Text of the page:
Impact of this announcement on Android ?

  1. 3 months ago

    Norman P

    May 12 Pre-Release Testers, Xojo Pro great-white-software.com/blog

    Is android using kotlin as the underlying language
    I suspect not since I have heard JNI mentioned more than once in relation to Xojo and Android (which means its using the JVM)
    Google has seemingly settled on a "Kotlin First" strategy which means features and functionality are going to be present there first
    How is this going to affect Xojo's plans ?
    Are Xojo apps going to be "second class citizens" day 1 ?

    https://techcrunch.com/2019/05/07/kotlin-is-now-googles-preferred-language-for-android-app-development/

  2. Rick A

    May 12 (Brazil. GMT-3:00)
    Edited 3 months ago

    Kotlin First means Kotlin instead of Java. Google wants to break apart from Java as Oracle is a legal troll and Java is a kind of legal Trojan Horse inside Android. Kotlin was created because Java is unproductive and missed desired features. Kotlin mixes functional programming and object orientation. Kotlin is concise, Java is verbose. That's all. Differently from Apple, Google won't harm any initiatives with other languages. If you code parts of your system in Java, please, "upgrade it" to Kotlin as soon as possible (few YEARS from now, you are plenty of time). Java is second class citizen now, just it. Kotlin is JVM compatible, today. Not sure in the future.

    The only thing Xojo must have in mind is that they are entering in the ecosystem too late, and in few years from now will need to think again in terms of "Fuchsia", that, by the way, already have compilers for Rust, Kotlin, Swift, CLang, Dart... But Android still have a long run, go for it.

  3. Travis H

    May 12 Xojo Inc

    As we recently discussed at XDC, Android code and frameworks are a blend of both Xojo and Kotlin code. Kotlin is a JVM/JNI language like Java is on Android- and all calls are available to both today. But we picked Kotlin instead of Java because Google had already indicated going in that direction as their platform language of choice.

  4. Rick A

    May 12 (Brazil. GMT-3:00)
    Edited 3 months ago

    Yep. Kotlin is 100% "Java compatible" under Android. But there is another Kotlin flavor which emits native machine code for the selected platform instead of Java Bytecode; in the future, maybe a JVM couldn't even be necessary.

  5. Norman P

    May 12 Pre-Release Testers, Xojo Pro great-white-software.com/blog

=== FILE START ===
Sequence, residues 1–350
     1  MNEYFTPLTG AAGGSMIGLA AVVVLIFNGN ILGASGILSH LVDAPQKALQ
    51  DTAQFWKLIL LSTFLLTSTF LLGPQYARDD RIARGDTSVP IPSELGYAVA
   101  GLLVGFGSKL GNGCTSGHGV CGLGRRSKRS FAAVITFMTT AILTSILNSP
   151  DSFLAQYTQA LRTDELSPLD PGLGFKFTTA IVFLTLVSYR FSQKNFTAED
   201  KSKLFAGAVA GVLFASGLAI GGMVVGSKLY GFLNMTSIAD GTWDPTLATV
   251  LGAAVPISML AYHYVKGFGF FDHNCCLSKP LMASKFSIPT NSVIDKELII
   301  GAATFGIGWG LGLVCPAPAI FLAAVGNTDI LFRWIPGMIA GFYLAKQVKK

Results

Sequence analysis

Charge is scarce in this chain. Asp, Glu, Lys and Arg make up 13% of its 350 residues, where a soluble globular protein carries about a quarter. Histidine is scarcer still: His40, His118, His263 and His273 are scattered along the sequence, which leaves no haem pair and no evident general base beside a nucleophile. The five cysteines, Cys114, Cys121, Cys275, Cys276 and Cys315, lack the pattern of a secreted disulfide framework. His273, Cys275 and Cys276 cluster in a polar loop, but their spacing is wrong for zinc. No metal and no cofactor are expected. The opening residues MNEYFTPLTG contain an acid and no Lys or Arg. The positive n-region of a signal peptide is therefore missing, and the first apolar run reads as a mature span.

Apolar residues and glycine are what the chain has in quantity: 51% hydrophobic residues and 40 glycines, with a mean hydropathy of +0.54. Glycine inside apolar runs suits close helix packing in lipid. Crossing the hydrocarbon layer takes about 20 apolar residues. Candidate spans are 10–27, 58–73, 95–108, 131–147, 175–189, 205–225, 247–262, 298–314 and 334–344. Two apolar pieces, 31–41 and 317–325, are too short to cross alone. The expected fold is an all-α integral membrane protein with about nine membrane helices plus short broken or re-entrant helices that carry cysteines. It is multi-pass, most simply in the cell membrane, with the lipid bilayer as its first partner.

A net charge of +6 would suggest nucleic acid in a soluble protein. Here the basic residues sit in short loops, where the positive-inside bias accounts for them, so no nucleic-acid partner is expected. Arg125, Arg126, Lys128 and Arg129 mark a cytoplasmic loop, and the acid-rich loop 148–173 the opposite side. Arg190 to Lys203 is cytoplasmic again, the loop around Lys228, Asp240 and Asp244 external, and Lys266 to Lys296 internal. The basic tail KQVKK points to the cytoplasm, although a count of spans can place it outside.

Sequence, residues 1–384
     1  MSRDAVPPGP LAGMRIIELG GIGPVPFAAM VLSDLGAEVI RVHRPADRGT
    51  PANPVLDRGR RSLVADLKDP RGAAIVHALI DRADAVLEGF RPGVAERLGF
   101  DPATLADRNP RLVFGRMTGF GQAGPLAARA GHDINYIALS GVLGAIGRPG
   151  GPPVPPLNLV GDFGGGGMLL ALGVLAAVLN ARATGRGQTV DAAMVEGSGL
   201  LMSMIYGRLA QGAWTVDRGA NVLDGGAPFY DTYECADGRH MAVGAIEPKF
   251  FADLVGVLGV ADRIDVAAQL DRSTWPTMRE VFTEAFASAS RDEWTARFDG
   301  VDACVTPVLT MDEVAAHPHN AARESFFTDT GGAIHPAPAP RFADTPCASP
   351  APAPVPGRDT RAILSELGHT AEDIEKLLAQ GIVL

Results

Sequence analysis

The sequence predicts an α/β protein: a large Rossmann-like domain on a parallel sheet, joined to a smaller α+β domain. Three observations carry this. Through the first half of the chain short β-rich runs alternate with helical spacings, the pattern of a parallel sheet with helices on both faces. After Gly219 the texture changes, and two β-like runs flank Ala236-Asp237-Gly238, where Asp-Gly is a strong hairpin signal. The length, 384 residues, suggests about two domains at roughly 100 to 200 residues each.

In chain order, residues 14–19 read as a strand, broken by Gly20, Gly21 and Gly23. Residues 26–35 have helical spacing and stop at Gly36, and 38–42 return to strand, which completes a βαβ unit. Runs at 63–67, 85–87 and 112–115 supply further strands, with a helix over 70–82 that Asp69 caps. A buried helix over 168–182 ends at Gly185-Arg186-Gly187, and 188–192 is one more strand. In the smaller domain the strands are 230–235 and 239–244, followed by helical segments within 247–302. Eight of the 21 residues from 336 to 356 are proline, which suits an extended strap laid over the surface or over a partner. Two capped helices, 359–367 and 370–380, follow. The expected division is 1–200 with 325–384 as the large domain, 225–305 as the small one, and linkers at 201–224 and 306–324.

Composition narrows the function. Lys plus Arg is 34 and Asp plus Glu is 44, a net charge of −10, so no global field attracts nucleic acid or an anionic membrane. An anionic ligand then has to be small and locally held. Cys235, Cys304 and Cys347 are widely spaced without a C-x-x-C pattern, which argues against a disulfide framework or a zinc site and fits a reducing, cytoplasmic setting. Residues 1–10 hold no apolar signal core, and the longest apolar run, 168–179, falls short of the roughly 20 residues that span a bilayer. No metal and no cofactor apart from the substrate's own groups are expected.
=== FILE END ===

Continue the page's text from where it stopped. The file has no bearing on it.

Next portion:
@Rick A Yep. Kotlin is 100% "Java compatible" under Android. But there is another Kotlin flavor which emits native machine code for the selected platform instead of Java Bytecode; in the future, maybe a JVM couldn't even be necessary.

    This is what I believe the direction google wants to go is - native code. No JVM. But they're not abandoning the JVM and Kotlin can still target it. Juts that "Kotlin first" will be "native" first not JVM first

  6. Rick A

    May 12 (Brazil. GMT-3:00)
    Edited 3 months ago

    You won't see a Java free Android (No JVM compatible) for years to come. So no worries, and as Travis said, the foundations for an almost zero impact for Xojo, when, or if it comes, are done. The "Kotlin first" is really just "avoid java source code ASAP", and right now, this is not tied to "Kotlin native only", at least for Android.

  7. I'm not so sure Fuchsia OS means Google dropping OpenJDK (which is now maintained by Red Hat): https://9to5google.com/2018/11/09/fuchsia-friday-java-borrowing-from-android/

    My guess would be Fuchsia will replace Android's Linux underpinnings but the virtual machine will remain. Android runs on so many different types of devices from an app developers point of view you'd want a virtual machine to save you from a nightmare.

    As for Kotlin, maybe it helps Google distance themselves from Java's API which seems to have been the basis of Oracle's court case?

  8. Rick A

    May 13 (Brazil. GMT-3:00)

    @Steve W I'm not so sure Fuchsia OS means Google dropping OpenJDK

    Kind of, Fuchsia does not mean dropping JDK and also means dropping JDK. Fuchsia is a modular OS able to run in different platforms, from a complex one full of resources (memory, HiDef Displays, storage, multicore CPU, GPUs, etc) to a basic IOT thing not having resources to have the luxury of carrying an elephant like JVM. For such scenarios, the "apps" probably will run native code, with limited sets of basic libs.

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